of Cortez burning his ships on an unknown coast. And when we think how he
field his followers to him until the desert smiled with waving fields and the
city shone like a gem on the dusky breast of an Indian girl, we find much to
admire, and are forced to say that no man, except he possessed remarkable
energy, judgment, will, courage, magnetism and brain power, could ever have
done what Brigham Young accomplished.
Had he been guided by a lofty principle, there would have been sorrow
everywhere when he came to die. But, unfortunately, he had not a thought which
was not selfish; not a desire which was not unhallowed. . . . He has planted a
plague spot in the depths of our continent.... He was a false light; it is
well the light has gone out.
In the death of Brigham Young the Mormon Church has lost its power. No
successor to Brigham, although  invested with all the pomp and solemnity
of the Church, will ever be a Brigham Young. . . . Brigham was the backbone of
Mormonism as opposed to National Unity, and the backbone being gone,
necessarily there must be dissolution.
The Deseret News was as a voice in the wilderness, countering the
popular press forecasts of impending disaster.
"The Mormon system will be put on trial for its existence with the death
of Brigham Young."
The above, from the Omaha Herald, expresses a sentiment entertained by a
very large number of people in both hemispheres. The popular idea is that the
whole Mormon Church is comprehended in its head, and that with the removal of
the leader the body must fall to pieces....
The opinions now entertained and very generally expressed by the press of
the country prevailed at the time of the martyrdom of Joseph and Hyrum Smith.
Indeed, those who planned, desired or consented to the death of the great
Prophet and Seer of the nineteenth century excused themselves . . . by the
argument that the death of the leader was the death of the system, and that
his removal would dispose of the "Mormon question," and scatter the Mormon
But history has demonstrated their error. As in former times, the blood
of the martyrs proved the "seed of the church," and Mormonism flourished and
extended, took deeper root and bore riper fruit than ever before. Great
emergencies bring forth great men. The man for the times comes to the front. .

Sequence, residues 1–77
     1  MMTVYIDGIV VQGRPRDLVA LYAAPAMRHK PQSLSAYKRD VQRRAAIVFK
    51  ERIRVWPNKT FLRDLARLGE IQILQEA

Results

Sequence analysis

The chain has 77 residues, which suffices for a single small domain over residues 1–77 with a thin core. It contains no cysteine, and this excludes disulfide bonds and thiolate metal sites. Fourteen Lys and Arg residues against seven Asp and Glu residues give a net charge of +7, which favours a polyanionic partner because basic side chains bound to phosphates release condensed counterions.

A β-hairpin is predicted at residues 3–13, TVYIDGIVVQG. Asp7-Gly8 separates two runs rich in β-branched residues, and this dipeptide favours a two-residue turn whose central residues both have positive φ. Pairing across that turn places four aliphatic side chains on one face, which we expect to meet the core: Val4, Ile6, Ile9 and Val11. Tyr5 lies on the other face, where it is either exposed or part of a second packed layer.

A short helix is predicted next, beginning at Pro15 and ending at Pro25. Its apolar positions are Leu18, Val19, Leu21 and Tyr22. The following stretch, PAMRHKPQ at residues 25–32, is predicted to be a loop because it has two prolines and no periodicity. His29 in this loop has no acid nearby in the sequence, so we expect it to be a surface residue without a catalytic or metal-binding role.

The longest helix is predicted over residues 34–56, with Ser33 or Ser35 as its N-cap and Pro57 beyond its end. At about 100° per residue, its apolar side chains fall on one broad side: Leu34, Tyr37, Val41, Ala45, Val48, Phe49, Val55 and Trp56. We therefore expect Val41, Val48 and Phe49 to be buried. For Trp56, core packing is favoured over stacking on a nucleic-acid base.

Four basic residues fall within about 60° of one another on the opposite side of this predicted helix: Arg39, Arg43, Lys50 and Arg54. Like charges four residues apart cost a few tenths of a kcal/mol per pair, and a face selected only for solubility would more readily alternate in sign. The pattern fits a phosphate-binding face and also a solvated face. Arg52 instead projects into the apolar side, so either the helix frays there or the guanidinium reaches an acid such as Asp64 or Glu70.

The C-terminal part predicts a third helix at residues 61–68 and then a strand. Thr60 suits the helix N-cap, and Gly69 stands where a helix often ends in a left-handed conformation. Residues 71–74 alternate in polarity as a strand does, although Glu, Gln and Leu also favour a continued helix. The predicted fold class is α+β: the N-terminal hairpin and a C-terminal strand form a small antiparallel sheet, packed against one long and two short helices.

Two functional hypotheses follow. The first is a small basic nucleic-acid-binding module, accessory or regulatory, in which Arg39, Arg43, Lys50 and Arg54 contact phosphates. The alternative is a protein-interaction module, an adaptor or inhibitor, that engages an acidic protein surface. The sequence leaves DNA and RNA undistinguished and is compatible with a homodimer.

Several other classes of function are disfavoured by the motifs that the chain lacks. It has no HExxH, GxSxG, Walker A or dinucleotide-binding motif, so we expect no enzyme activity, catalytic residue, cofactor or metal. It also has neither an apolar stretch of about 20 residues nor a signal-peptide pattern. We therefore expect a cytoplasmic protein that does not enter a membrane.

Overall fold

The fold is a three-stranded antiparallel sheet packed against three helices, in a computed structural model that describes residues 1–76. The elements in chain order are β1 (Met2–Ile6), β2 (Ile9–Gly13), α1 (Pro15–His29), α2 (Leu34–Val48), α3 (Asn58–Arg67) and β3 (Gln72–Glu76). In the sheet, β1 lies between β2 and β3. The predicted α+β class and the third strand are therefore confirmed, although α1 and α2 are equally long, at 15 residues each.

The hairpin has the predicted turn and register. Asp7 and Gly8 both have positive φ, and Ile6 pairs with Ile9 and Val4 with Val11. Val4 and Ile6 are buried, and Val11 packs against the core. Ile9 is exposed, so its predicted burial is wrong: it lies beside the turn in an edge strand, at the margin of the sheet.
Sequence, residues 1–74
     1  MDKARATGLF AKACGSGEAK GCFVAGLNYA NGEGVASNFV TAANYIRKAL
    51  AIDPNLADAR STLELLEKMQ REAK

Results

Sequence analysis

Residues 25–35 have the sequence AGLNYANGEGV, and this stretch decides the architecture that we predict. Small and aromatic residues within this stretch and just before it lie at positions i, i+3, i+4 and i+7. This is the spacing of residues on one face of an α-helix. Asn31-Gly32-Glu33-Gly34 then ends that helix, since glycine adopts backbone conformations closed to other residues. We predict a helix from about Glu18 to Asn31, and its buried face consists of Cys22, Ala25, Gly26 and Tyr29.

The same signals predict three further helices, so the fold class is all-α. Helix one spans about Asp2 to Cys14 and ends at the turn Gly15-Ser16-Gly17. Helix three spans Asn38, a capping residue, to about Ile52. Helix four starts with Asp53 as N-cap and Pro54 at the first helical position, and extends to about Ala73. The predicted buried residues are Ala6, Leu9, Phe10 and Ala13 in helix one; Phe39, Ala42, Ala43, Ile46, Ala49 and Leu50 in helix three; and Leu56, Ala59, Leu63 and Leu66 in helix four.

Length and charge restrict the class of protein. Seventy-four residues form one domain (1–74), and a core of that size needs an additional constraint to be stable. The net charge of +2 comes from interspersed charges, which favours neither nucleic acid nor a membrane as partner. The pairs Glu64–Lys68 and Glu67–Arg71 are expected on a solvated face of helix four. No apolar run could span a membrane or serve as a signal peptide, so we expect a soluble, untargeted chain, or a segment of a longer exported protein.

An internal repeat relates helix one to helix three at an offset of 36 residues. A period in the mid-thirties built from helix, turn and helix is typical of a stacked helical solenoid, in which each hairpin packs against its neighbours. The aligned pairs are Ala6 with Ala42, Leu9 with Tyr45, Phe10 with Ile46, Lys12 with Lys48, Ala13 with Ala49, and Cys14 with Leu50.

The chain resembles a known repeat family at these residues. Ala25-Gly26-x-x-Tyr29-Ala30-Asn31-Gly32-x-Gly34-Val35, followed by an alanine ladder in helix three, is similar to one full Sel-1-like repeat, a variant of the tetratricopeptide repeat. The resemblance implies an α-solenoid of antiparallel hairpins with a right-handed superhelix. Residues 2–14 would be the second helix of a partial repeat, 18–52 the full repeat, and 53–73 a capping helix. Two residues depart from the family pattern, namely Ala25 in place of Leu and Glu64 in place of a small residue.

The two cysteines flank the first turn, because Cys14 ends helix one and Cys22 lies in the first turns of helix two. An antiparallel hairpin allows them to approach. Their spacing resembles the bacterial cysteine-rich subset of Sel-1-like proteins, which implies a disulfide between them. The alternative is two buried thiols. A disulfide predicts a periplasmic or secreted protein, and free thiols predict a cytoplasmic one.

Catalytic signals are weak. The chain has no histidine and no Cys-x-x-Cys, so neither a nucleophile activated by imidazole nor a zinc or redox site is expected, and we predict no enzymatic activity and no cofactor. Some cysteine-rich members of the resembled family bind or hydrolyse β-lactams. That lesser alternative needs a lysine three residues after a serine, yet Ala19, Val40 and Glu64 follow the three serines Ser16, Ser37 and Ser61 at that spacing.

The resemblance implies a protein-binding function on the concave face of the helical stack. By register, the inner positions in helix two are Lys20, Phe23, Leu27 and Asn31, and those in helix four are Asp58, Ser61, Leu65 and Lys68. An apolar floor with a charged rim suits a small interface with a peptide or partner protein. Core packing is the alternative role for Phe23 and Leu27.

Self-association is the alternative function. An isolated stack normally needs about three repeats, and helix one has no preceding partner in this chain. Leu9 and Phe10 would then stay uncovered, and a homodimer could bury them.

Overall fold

This is not the Church of Joseph Smith, not of Brigham Young, but of
Jesus Christ. . . . The strength of this work is in its divinity. The
Latterday Saints worship God, not man. They partake, individually, of the
same spirit  that rests upon their leaders. Theirs is not a blind path.
They walk in the light, and cling to the men who are placed in authority,
because the spirit of truth bears witness to their calling, and because they
understand something of the order of that priesthood which God has restored to
direct erring humanity in the road which leads to His Eternal Presence.
The "Mormon system" has always been on trial. It has been continually
subjected to severe tests, from the day of its birth into the world. It is no
more in danger now than at any period of its earthly existence. It will
steadily advance, spreading the knowledge of the truth concerning God and His
designs in relation to the human family, working out the plan of salvation for
the living and the dead, and preparing the way for the feet of Him whose right
it is to reign over all the earth. (6)
It must be remembered that the question of succession had no easy
answer at this time. Only once before had leadership changed hands, and
at that time rivalry over succession had splintered the Saints into many
dissident groups. Less than half the church membership in the Nauvoo area
followed Brigham Young to Utah.
There also was uncertainty over ranking in the Quorum of the Twelve.
Orson Hyde, Orson Pratt, and Wilford Woodruff had at previous times been
ranked ahead of John Taylor in the Quorum of the Twelve. Each of the four
men might claim the right of succession. (7)
In an article headed "THE SUCCESSORSHIP," the Salt Lake Tribune
discussed various factions, personalities and possibilities involved:
 Speculations are many and varied, both inside and outside the pale of
the Church, as to who will succeed to its Presidency. Three distinct and
widely diverse parties or interests claim our attention as to the probable
future governing power of Mormonism.
First is the Smith family, the acknowledged leader of whom is Joseph
, the present head of the Smith faction of the Mormon Church and eldest
son of the founder of Mormonism. (8) Second is the Young dynasty represented
by Brigham, Jr., and John W, Young. Thirdly are the Twelve Apostles of the
Church, of whom John Taylor is the nominal President. The question is, which
of these parties, or interests, will obtain control of the Church?...
The chief priestly and presiding power is the Apostleship . . . . Joseph
Smith ordained and set apart twelve men to be Apostles of this dispensation;
of this number Brigham Young was one, and at the time of Smith's death was the
senior or first apostle. By virtue of this Apostleship, and this only, Brigham
and his quorum succeeded to the control of the Church. For over three years
the Twelve jointly presided; and they made a fatal mistake when they isolated
Brigham and two others from their number and created a First, Presidency.
The subsequent experience of Hyde, Pratt, Taylor, Lyman and others,